New Brunswick’s government is officially looking for a miner to dig into the last of the province’s known potash deposits.
Natural Resources Minister Bruce Northrup on Wednesday posted a request for proposals to develop south-central New Brunswick’s Millstream deposit, which he described as the province’s only remaining confirmed deposit that’s yet to be developed.
Given current crop prices, both the demand and price for potash-based fertilizers are “very strong, which makes this an opportune time to make the Millstream deposit available,” he said.
“If further exploration confirms this is an economically viable deposit, developing a new mine would mean hundreds of jobs and generate much-needed revenue for the province.”
The request for proposals asks interested parties to submit plans by June 6 for “further assessment” of the Millstream deposit and for eventual development of its potash and/or related evaporite mineral deposits.
The province will offer to enter into an agreement for three years and give the successful proponent two years to mount an exploration program.
If the deposit turns out to be viable, the proponent would then have to submit a feasibility study and proposed development plan by the end of the third year, the province said.
On top of the “normal” level of royalties, interested parties are asked to propose a share of profits they would also contribute to the province.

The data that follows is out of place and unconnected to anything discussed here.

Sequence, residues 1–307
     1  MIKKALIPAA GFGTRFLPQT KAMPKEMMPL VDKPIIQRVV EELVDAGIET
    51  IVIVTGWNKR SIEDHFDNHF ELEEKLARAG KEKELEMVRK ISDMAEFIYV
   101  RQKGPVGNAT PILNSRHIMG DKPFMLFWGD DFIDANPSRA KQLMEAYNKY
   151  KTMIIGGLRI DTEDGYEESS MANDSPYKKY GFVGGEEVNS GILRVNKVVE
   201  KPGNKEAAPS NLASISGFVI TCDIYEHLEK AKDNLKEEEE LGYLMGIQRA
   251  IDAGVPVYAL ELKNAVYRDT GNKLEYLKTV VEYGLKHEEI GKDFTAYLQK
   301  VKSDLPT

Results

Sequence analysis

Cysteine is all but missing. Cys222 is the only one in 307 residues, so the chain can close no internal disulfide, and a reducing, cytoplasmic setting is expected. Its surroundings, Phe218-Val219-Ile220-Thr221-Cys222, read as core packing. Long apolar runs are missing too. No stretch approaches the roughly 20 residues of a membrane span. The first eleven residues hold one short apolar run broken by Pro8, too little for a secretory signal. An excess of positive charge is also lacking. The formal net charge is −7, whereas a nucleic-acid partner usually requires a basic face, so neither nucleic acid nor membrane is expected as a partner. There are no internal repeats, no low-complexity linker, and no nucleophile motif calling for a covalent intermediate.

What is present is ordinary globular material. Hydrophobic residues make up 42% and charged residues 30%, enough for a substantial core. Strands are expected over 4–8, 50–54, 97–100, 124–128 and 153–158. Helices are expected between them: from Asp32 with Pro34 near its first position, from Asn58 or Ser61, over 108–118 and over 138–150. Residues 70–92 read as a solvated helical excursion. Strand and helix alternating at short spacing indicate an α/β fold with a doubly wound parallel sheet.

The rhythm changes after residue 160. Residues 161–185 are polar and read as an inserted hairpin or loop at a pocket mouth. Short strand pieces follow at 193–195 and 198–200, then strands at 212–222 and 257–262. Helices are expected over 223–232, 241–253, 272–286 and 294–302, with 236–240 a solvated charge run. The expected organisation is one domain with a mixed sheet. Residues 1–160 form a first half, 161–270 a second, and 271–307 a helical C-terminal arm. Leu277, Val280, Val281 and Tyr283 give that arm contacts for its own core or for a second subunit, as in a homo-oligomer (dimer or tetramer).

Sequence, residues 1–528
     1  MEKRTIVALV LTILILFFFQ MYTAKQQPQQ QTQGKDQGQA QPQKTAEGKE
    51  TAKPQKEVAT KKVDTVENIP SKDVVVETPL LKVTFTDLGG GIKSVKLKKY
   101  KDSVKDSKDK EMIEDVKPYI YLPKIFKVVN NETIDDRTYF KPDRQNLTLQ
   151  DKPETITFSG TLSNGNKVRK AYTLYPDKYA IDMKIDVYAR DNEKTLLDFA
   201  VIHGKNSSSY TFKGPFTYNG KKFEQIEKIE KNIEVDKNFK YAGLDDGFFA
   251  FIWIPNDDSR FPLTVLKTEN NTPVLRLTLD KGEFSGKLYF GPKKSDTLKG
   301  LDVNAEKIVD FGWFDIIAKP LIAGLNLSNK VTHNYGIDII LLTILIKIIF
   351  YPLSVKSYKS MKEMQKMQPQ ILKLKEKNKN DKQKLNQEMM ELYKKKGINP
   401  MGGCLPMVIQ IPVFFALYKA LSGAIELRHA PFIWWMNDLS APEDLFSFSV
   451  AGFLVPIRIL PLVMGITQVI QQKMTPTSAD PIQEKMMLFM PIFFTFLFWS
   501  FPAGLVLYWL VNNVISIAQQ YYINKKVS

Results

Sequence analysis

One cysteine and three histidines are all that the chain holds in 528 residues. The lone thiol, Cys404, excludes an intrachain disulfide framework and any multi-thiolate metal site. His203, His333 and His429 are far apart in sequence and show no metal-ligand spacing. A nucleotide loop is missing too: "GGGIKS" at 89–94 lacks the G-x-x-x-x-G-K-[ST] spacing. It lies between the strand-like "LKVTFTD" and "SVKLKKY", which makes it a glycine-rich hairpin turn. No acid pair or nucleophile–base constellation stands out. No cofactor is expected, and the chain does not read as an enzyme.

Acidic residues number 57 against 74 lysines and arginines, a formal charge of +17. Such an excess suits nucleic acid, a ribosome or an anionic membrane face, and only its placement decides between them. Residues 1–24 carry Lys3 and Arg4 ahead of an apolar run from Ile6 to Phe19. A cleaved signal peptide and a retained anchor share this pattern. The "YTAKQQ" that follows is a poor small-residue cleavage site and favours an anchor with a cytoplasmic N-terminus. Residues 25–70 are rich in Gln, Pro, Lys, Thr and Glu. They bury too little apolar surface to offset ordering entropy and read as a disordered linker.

Furthermore, the province “will also give particular importance to any proponent that agrees to carry out additional refining or value-added production within the province,” Northrup said. “This additional activity would result in more jobs, which is our primary interest.”
The Millstream deposit, about 10 km west of Sussex, between Saint John and Moncton, was discovered over 25 years ago. BP Resources Canada explored the deposit in the 1980s, the province said.
The province’s three other confirmed deposits, all in the Sussex area, have already either been or are being developed.
Saskatchewan fertilizer giant PotashCorp, for one, announced plans in 2007 for a new two-million-tonne mine into the Picadilly deposit, next to the mine it already operates there.